Watch the video above: E-health experts weigh in on Sask. auditor’s report
SASKATOON – Saskatchewan’s acting auditor Judy Ferguson released the first volume of her 2014 report this week. The report describes the implementation of the government’s electronic health records system as fragmented and inefficient.
Health care consultants, doctors, and data experts gathered in Saskatoon over the weekend to discuss electronic health implementation at the Federation of Medical Regulatory Authorities of Canada annual general meeting.
“Our role is to work with doctors to adopt this new and evolving technology,” said the federation’s chair Dr. Rocco Gerace.
Ferguson said different health regions are at different stages of implementing the electronic records system, something e-health experts say is a big pitfall.
“What it does to patients is it kind of destroys confidence in the system. It certainly impacts their feeling of how valuable the health care system is to them,” said Dr. Ward Flemons, a medical advisor with the Alberta Health Quality Council.
According to Ferguson, the government has spent $502 million since the implementation process began, but she says the government has not established any deadlines and there is no estimated total cost.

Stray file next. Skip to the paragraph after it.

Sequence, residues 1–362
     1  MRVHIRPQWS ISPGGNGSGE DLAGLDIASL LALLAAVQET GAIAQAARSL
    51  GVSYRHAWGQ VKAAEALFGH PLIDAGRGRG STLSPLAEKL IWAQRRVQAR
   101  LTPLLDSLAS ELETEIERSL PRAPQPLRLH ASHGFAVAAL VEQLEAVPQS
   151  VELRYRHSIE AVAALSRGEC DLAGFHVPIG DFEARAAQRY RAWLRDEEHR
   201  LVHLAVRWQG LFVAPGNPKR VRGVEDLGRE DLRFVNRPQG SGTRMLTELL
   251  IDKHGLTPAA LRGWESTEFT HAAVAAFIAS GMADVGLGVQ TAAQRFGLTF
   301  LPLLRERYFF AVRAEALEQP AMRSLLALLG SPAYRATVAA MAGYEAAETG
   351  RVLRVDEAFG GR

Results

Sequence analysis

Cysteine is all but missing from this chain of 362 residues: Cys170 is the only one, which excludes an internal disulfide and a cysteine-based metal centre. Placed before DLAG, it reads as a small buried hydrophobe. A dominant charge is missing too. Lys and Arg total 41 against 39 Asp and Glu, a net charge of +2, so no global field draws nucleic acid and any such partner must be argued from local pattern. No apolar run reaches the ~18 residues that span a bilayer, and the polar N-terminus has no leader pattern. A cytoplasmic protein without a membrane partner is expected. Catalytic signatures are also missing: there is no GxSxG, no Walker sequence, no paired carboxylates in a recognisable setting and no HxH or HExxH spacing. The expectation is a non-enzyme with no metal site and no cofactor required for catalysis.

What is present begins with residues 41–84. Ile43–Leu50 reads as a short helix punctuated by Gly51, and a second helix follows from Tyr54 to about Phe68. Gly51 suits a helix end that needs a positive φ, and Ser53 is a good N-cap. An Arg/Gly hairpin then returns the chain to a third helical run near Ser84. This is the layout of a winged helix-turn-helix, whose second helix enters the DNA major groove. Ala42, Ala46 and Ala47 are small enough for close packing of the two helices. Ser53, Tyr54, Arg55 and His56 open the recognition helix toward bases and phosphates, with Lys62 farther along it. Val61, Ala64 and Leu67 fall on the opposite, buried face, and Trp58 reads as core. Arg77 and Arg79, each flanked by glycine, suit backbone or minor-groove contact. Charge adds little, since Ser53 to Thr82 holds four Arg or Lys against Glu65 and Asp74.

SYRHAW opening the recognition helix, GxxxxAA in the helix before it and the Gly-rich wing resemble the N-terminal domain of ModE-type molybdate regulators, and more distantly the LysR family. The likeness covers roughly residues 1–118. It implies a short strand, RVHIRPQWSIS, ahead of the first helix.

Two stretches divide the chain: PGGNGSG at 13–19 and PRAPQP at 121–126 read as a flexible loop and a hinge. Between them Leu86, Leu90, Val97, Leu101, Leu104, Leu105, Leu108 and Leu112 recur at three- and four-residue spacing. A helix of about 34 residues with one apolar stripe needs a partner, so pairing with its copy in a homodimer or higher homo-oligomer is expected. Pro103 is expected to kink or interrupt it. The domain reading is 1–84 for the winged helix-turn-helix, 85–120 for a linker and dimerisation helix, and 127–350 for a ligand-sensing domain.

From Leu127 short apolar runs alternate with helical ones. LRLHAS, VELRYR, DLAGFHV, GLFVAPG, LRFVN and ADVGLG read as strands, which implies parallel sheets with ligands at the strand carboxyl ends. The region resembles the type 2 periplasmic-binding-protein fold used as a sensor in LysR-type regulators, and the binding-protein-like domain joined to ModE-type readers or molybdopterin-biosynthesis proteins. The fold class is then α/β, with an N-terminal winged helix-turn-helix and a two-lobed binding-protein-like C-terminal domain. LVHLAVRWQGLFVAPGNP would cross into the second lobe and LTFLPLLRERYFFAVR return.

“If you don’t set goals or some targets, it’s never going to get done,” explained William Pascal with Richard Warren and Associates, an information technology consulting firm.
“I like the idea of holding people more accountable for deliverables, having them commit to it, and focus that energy. It’s a general principal of mine.”
The auditor’s report says it’s not uncommon for some patients to carry their health records between clinics and hospitals, because comprehensive, complete records aren’t easily transferred between different health regions.
“Part of it is, how to you make systems interoperate, when they really weren’t designed in the first place to do it,” said Pascal.
Ferguson wants the province to put forward a multi-year operational plan.
She would also like the government to standardize the data that goes into the electronic records system.